Just over two weeks ago, a large earthquake struck Nepal, killing more than 8,000 people, and literally moving mountains. This morning, the earth moved again, the shaking reaching a substantial magnitude of 7.3 on the Richter scale.
Today’s quake was larger than the many aftershocks that have rattled the region since the April 25 quake (also known as the Ghorka quake), and it was centered in a different place. The earthquake a few weeks ago started about 50 miles northwest of Nepal’s capital, Kathmandu.
Today’s epicenter was about 50 miles northeast, almost exactly between Kathmandu and Mount Everest:
An epicenter is the location on the earth’s surface directly above the place where the earthquake started. The spot underground where the earthquake started is called the focus, which in this case was about 9.3 miles underground–a relatively shallow depth for earthquakes. Because shallow earthquakes are so much closer to humans and the buildings we erect, they tend to cause more damage at the surface than earthquakes that occur deep in the earth’s crust.
If you’re thinking that the proximity of the two earthquakes in terms of time and location suggests that there might be a connection between the two, you would be correct. Today’s large earthquake is being classified by the United States Geological Survey (USGS) as an aftershock of the previous quake. Last week, the USGS suggested that there might be several aftershocks this week, though there was only a 1 in 200 chance that an earthquake with a magnitude above 7 would occur.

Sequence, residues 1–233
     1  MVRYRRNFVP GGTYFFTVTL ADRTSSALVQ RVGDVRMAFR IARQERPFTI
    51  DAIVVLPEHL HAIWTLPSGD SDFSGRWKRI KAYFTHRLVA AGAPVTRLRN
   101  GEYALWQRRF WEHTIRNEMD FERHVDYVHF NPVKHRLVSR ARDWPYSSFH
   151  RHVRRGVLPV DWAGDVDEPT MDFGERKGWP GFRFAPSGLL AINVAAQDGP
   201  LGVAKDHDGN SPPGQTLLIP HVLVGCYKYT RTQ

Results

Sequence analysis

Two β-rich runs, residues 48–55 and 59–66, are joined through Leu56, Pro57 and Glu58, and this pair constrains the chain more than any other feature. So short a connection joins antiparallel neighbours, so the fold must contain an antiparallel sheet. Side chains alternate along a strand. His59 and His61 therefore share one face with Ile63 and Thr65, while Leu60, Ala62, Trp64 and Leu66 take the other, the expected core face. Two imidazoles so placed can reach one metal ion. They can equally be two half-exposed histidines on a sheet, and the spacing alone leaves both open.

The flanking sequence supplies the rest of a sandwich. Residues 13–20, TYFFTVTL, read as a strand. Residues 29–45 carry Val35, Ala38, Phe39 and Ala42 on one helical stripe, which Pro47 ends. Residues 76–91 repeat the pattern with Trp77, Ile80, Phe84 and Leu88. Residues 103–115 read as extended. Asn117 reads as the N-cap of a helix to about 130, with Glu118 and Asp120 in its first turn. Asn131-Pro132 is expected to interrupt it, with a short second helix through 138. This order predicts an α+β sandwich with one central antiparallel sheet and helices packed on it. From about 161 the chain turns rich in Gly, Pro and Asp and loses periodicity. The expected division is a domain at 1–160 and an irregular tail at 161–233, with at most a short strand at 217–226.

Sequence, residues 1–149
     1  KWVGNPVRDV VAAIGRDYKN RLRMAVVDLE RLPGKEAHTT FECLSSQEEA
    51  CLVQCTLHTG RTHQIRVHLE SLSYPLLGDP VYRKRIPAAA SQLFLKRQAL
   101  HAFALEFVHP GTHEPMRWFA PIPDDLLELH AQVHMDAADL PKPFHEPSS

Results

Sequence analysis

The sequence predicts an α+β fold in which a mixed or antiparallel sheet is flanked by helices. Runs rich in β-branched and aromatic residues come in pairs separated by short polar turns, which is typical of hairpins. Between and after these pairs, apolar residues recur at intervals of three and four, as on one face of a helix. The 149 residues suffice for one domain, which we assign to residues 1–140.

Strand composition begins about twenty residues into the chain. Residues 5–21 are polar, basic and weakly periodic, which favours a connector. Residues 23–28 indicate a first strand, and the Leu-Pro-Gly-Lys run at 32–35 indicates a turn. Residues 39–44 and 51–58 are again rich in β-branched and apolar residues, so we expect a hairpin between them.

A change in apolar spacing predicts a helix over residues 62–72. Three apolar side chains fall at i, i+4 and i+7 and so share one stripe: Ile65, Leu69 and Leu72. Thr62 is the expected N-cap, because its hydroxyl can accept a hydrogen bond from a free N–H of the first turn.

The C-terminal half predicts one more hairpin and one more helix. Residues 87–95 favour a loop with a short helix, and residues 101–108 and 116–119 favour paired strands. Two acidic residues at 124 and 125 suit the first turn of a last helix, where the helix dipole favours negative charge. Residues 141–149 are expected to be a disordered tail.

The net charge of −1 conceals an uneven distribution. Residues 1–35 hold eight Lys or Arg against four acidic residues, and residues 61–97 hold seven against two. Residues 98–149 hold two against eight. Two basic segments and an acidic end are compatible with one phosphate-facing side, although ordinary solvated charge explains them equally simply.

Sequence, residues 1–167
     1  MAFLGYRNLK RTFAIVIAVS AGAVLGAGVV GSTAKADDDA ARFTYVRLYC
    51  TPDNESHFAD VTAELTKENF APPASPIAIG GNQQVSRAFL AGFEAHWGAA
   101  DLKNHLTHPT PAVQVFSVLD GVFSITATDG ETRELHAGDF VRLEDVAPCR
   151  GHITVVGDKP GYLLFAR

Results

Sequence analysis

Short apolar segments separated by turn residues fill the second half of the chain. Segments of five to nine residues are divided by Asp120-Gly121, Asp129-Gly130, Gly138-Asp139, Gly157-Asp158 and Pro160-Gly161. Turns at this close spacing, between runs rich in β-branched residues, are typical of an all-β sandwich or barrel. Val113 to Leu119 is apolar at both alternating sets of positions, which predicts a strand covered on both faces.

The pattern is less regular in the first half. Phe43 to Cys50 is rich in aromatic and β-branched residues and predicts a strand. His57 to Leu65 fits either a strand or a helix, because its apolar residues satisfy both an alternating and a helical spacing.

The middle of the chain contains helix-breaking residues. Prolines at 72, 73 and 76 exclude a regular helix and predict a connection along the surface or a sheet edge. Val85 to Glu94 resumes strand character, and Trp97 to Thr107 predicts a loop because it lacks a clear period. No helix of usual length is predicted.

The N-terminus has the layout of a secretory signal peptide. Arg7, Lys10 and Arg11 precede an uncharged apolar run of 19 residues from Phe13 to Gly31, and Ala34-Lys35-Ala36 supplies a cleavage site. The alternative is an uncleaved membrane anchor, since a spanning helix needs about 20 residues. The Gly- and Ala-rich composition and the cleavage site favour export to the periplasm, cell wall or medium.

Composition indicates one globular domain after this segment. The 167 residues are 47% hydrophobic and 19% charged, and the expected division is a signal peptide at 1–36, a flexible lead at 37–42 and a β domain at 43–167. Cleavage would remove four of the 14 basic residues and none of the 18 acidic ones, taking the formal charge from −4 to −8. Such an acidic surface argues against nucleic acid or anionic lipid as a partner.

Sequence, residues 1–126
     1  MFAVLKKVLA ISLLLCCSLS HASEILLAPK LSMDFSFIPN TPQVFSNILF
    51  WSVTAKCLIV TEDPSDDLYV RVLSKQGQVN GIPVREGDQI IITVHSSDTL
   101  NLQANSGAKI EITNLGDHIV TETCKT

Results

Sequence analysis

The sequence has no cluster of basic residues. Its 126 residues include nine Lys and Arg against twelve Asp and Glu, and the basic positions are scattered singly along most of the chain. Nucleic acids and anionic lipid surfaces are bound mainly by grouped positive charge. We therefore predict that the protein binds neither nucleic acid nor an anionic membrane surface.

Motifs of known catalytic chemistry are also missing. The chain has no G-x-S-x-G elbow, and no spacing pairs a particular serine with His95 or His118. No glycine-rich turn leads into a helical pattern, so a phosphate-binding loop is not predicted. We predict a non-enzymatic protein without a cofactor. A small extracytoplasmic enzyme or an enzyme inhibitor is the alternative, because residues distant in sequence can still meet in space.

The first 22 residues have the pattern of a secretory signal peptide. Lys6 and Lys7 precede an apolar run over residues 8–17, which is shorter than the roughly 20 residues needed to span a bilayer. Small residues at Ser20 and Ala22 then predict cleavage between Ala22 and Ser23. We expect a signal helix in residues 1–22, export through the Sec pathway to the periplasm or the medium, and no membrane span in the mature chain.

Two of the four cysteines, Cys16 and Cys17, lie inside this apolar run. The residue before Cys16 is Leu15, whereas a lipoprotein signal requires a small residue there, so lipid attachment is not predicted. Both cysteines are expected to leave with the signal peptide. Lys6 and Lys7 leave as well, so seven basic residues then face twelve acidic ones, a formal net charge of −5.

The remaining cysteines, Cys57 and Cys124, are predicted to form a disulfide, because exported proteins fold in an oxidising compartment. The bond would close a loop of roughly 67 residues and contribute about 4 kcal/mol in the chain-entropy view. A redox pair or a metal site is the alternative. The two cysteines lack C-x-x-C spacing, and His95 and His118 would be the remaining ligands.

When the Ghorka quake occurred, it ruptured a large section of the crust under the Earth’s surface. That ‘crack’ headed east, ending just west of the area where today’s quake started, making it quite likely that the stress of the previous earthquake helped this one along.
The area has a notorious history. The site of the largest earthquake in the region, the 8.0 magnitude Nepal-Bihar earthquake in 1934, and killed over 10,600 is located to the east of today’s earthquake.
So far, 42 people are reported dead and over 1,000 people were injured in today’s earthquake. The tremors caused politicians to flee from parliament and the public to take refuge in the open air of the streets.
Rhita Doma Sherpa, a nurse, told Reuters “I am very scared and I am with my two sons. The school building is cracked and bits of it, I can see they have collapsed…It was lunchtime. All the kids were outside. Thank god.”